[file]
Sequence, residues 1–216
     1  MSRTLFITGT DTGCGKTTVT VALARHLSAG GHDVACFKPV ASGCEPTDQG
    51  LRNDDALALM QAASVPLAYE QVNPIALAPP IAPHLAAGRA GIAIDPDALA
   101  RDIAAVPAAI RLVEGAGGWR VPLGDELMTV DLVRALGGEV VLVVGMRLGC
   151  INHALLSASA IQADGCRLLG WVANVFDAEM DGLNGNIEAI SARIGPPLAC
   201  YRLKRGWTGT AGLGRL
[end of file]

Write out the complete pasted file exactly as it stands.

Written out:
Sequence, residues 1–216
     1  MSRTLFITGT DTGCGKTTVT VALARHLSAG GHDVACFKPV ASGCEPTDQG
    51  LRNDDALALM QAASVPLAYE QVNPIALAPP IAPHLAAGRA GIAIDPDALA
   101  RDIAAVPAAI RLVEGAGGWR VPLGDELMTV DLVRALGGEV VLVVGMRLGC
   151  INHALLSASA IQADGCRLLG WVANVFDAEM DGLNGNIEAI SARIGPPLAC
   201  YRLKRGWTGT AGLGRL